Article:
I read with interest Alan Caron’s Dec. 18 column, “To get cheaper energy, we Mainers have to produce it ourselves.”

My home in Rockport is a good example. We installed a solar electric system (23 panels) on our barn last April.

The system, rated at about 6,000 kilowatt hours per year, will supply about 75 percent of our power needs over the course of a year, including electric power to recharge the batteries on our plug-in hybrid car.

With the federal tax credit, the system cost $13,500 and will have a seven- to nine-year payback. If Maine electric rates go up, my household would be immune from most of the increase and the payback period would be sharply reduced.

It should be noted that both New Hampshire and Massachusetts offer substantial incentives for solar residential installations in addition to the federal tax credit. Maine, with its highly regressive energy policy, offers nothing.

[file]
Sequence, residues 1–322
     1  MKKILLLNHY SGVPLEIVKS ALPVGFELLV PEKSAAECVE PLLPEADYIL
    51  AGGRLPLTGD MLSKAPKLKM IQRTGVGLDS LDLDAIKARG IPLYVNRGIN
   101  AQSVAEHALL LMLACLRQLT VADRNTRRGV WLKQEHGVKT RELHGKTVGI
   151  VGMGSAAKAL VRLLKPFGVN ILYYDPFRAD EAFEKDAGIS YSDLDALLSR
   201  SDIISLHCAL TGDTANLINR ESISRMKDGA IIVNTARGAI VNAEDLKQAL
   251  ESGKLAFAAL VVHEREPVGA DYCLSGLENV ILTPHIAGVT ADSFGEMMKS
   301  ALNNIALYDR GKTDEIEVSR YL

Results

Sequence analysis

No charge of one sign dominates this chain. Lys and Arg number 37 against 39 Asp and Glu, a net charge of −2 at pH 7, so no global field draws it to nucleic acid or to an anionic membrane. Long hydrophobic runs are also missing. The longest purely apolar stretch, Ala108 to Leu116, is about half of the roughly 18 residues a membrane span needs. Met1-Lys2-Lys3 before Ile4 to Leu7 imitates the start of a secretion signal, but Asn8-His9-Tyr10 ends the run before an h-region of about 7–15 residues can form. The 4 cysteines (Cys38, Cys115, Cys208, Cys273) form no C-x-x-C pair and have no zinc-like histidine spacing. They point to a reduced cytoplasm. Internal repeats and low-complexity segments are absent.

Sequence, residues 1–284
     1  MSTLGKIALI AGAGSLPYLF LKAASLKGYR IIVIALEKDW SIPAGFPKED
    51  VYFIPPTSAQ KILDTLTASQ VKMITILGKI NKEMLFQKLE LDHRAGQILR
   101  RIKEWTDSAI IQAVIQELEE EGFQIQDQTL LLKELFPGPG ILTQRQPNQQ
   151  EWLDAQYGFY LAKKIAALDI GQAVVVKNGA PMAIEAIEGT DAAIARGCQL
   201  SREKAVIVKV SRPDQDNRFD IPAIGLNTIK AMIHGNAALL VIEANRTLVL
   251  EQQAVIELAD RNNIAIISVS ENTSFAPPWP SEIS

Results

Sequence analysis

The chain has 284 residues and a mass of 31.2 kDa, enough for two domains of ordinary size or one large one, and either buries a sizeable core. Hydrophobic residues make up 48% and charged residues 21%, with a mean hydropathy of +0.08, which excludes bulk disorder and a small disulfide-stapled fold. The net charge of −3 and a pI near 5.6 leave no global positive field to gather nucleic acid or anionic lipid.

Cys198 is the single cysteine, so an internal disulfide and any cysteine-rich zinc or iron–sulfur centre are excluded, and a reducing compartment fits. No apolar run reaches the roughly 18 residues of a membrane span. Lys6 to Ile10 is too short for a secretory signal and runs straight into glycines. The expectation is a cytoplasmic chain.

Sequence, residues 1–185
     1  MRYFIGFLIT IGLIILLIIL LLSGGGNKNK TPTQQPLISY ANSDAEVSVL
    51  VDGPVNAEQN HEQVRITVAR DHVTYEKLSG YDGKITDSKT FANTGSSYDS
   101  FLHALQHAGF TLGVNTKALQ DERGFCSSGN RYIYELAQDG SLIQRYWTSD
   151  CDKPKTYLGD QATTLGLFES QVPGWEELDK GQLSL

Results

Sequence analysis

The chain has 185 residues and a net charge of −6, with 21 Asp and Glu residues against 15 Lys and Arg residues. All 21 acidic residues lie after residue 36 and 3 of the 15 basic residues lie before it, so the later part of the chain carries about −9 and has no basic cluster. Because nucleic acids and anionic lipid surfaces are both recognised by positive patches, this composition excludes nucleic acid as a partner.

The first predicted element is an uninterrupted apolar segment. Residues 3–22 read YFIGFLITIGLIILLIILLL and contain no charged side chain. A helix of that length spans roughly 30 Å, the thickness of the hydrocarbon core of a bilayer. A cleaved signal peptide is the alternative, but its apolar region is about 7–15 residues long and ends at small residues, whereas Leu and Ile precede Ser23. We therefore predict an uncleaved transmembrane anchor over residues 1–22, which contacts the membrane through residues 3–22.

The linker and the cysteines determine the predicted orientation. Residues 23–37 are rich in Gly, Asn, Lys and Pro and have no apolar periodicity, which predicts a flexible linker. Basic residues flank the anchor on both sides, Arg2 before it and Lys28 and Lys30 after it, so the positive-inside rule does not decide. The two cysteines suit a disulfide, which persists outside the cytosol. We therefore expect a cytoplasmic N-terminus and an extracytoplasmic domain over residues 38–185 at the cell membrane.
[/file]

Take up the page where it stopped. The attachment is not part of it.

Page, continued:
The advantages of our solar electric system include:

Reduced electrical power costs.

• Greatly reduced carbon footprint.

 10 to 12 percent return on the investment.

 75 percent of the power needs for the house and about 25 percent of the fuel needs for our car supplied by clean energy.

And while we paid for our system, I understand that lease options now make similar systems affordable without paying a large, upfront fee. Anyone who has a south-facing roof should investigate solar electrical.

Alan Caron’s column hit the center of the target.

Bruce Cole

Rockport